This page, of any, needs to have a great deal of updating – it had last been updated 5 years ago in March of 2010 when I first started Whales and Dolphins BC – We have come a very long way since then! It always seems that other pages and updates take priority, but the whole site is in need of a major rework and we are trying to update as best as possible.
Thank you for your patience!
Apart from the Welcome to Whales and Dolphins BC homepage, which talks about this site, here is a bit about me, Susan MacKay.
Since my husband and best friend, Grant, passed away very quickly from pancreatic cancer January 8, 2007, I have continued to work towards some of our goals. This site has become a “next step” for me. SG Images is still alive and active, but the SG Images photography website has not been updated for quite a while. It is on my “to do” list.
Grant was the primary still photographer, and although I was the primary writer, he certainly helped edit the many articles published in magazines. I continue to take videos, record underwater audio (hydrophone), and use a small underwater camera. In addition to the equipment I was already handling, I have taken over Grant’s still cameras. The photography in this site, so far, is all from the stills I took. I plan to include some of Grant’s photos in addition to some videos and audio clips as I progress with this site.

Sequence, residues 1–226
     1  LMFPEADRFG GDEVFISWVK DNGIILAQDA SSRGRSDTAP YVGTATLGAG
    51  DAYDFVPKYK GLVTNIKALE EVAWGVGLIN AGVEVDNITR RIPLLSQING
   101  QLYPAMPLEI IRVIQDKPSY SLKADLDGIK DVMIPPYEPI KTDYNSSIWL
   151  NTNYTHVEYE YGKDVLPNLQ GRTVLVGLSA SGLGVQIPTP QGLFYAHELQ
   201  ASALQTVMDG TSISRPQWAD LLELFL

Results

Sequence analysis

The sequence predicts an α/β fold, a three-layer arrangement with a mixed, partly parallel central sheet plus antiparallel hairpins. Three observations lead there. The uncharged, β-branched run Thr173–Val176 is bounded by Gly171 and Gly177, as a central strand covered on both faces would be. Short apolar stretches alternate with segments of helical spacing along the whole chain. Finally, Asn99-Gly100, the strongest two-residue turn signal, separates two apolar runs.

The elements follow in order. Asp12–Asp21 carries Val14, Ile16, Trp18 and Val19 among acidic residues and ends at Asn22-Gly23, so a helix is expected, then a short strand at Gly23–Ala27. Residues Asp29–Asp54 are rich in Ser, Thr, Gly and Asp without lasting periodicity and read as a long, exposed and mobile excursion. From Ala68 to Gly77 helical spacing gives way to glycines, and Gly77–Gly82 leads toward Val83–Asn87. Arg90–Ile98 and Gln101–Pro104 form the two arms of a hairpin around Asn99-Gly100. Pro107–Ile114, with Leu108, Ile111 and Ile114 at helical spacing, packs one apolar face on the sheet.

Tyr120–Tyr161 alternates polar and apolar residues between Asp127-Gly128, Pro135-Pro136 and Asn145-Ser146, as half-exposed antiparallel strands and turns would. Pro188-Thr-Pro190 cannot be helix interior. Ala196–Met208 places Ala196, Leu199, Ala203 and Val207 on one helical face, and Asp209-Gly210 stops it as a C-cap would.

As a boater, yes, I still operate our boats, I manage to get to see and be with whales and dolphins in the wild more than the majority of people. I have been known to stop what I was doing to get out on the ocean if dolphins or whales are around. And, on occasion, feel a need to be on the water just for the sake of being on the water. Our coast has so much to offer.
When it comes to whales, dolphins and porpoise, all sightings are recorded, reported and posted via the on line Sightings Reports. These reports are available for free to view or subscribe to, to anyone interested. All reports are important! In addition, I am a volunteer of the British Columbia Marine Mammal Response Network who deal with sick, injured, distressed or dead marine mammals. Their ‘Hotline’ telephone number is: 1-800-465-4336 to report any sick, injured , distressed or dead marine mammals.
If this all sounds like I’m hooked on whales, you are correct. As this site progresses, I will pass on various experiences that got me addicted. This passion is not, unfortunately, my livelihood and I must continue feed my whale habit through gainful employment.
Please check the Support – Enter to Win pages for information on Donating and Volunteering.